Surveillance by Alexander & Lynette Sofras

This short story discusses a future in which people of genius-level intelligence become government property. Any unusually smart children are regularly assessed to determine if they meet the criteria. The protagonists, a couple that lost their first child to an untimely death, are trying to protect their brilliant second child from government intervention.

The premise is a stock one in science fiction, and nothing about its presentation in this story stands out. The story is too long, the dialogue is too formal and thus sounds unnatural, the authors outright tell us what the protagonists are thinking and feeling, and the twist at the end is a pointless cliché that does not fit with the rest of the story.

First, I should say that I have a strong bias against novellas. They occupy an unhappy space between true short stories and novels, and although some are great, most tend to end up being short stories that spend too much time meandering. In this case, although the story was labelled a short story, its multiple chapters led me to consider it more of a novella, and it suffers from the lack of focus that many novellas do.

The story has one point with a twist at the end, but because of the amount of time the authors take to deliver their message the entire thing struggles to hold the reader’s interest. There’s too much padding, and the entire work suffers for it. For a short story to work, every sentence has to be on point and, as stated, the novella tends to encourage authors to plug in excess words. It’s a trap that many writers fall into.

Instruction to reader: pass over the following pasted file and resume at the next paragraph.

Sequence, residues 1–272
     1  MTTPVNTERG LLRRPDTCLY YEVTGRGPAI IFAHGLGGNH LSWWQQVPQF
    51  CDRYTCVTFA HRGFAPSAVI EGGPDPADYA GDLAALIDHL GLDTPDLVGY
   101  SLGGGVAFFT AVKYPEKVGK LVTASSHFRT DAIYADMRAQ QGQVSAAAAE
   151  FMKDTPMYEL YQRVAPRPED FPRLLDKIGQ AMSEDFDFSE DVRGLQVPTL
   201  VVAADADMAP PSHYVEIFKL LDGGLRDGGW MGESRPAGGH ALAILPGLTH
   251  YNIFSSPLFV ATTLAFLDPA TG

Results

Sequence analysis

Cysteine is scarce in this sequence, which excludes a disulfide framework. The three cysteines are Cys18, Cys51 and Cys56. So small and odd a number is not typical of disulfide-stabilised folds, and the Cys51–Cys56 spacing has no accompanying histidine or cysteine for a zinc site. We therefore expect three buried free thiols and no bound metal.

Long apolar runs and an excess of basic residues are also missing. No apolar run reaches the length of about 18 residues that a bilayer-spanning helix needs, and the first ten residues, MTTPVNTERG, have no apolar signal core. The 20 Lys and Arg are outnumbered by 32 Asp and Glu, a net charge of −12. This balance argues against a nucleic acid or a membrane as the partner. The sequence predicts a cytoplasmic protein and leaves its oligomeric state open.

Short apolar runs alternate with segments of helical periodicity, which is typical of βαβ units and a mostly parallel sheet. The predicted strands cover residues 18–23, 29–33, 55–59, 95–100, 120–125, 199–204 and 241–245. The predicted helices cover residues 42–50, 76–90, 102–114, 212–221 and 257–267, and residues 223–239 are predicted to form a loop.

Second, the dialogue in this work is overly formal. On the one hand, all of the characters are highly educated individuals, but on the other the dialogue sounds like the authors speaking, not the characters. This drains the life from the character and renders them sterile instruments whose sole purpose is to deliver the authors’ message.

Third, the authors have a habit of telling the reader what the characters are thinking. Although doing so is appropriate under certain circumstances, it is usually better to show the reader what the characters are feeling through physical reactions and their interactions with other characters. Although there is a good amount of this in the story, the authors still give away too much by outright telling the reader how the two main protagonists feel about each situation.

Finally, the twist at the end of the novel does not fit with the rest of the story. It transforms what was a relatively uneventful traipse through a common theme in science fiction into a different but similarly uninteresting one in a throwaway paragraph at the end. I will not reveal what the twist was, but it was tacked on and added nothing to the story. Instead of knocking me on my hind end, it made me roll my eyes.

It is difficult to write a good short story, and the authors of this one failed to do so. They handicapped themselves by writing something closer to a novella and a short story and inherited all of the problems that come from doing so. I give it a 2/5.

If you want to take a gander, you can pick up a copy from Amazon.

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